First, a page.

An artist's conception of the field pack ancient Roman soldiers wore
About seven years ago, I read G. R. Watson’s The Roman Soldier (originally published by Cornell University in 1969; I read a copy of the 1985 paperback reissue), a handbook summarizing what scholars in 1969 knew about life in the ancient Roman army. One point Watson made that I’ve been thinking about ever since I read the book had to do with the field packs Roman soldiers wore. Some scholars in Germany had tended to give very high estimates of the amount of weight that Roman soldiers had to carry, in some cases solemnly asserting that a legionary would march about all day with over a hundred pounds of equipment on his back. Dismissing these estimates as a self-evident absurdity, Watson tries to figure out just how heavy the pack might have been (in the 1985 reissue, that discussion is on pages 62-66, continued in note 140 on pages 175-176.) The best estimate he can come up with puts the average weight of the Roman soldier’s pack at 30 kilograms (66 pounds,)which happens to be identical to the standard for most modern armies.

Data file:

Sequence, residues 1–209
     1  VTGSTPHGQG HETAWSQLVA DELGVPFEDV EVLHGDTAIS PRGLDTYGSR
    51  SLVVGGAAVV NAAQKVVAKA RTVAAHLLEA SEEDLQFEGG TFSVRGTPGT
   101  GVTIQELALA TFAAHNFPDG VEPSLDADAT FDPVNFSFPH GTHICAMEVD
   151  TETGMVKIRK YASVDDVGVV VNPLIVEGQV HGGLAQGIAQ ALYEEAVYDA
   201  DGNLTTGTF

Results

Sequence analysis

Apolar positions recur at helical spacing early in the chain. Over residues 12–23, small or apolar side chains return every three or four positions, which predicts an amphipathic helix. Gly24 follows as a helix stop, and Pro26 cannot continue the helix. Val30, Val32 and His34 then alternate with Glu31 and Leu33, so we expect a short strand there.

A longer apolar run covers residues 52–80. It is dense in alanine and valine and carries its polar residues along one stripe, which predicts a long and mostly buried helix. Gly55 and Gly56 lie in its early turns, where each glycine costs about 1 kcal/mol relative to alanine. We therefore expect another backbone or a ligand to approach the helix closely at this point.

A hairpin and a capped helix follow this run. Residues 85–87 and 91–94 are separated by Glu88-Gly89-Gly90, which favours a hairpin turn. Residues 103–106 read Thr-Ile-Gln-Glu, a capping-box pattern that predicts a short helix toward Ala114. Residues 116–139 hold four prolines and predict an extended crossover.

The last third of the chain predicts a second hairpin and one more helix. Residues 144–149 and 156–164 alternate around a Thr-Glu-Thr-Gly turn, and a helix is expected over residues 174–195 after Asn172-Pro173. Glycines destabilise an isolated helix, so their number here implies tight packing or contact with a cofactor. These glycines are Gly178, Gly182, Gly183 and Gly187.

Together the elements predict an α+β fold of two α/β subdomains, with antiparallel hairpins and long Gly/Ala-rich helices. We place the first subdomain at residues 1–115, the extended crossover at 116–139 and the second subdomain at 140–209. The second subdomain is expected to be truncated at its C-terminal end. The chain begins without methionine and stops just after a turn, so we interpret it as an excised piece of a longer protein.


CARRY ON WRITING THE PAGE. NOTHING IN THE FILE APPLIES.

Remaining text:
Watson’s evidence suggests that throughout history armies have tended to increase the amount of weight soldiers have to carry, until the kit becomes so heavy that the high command has no choice but to cut it down to something weighing about 30 kilograms. I suppose that the obvious reason for this tendency is that many people are involved in deciding what it is essential that a soldier should carry in the field. Each of those people has ideas about items that should be on that list, and each sees the addition of his or her favorite item as a victory. When no one involved in decision-making at that level has to wear a full field pack on a regular basis, the decision makers have no immediate incentive to deny each other their little victories.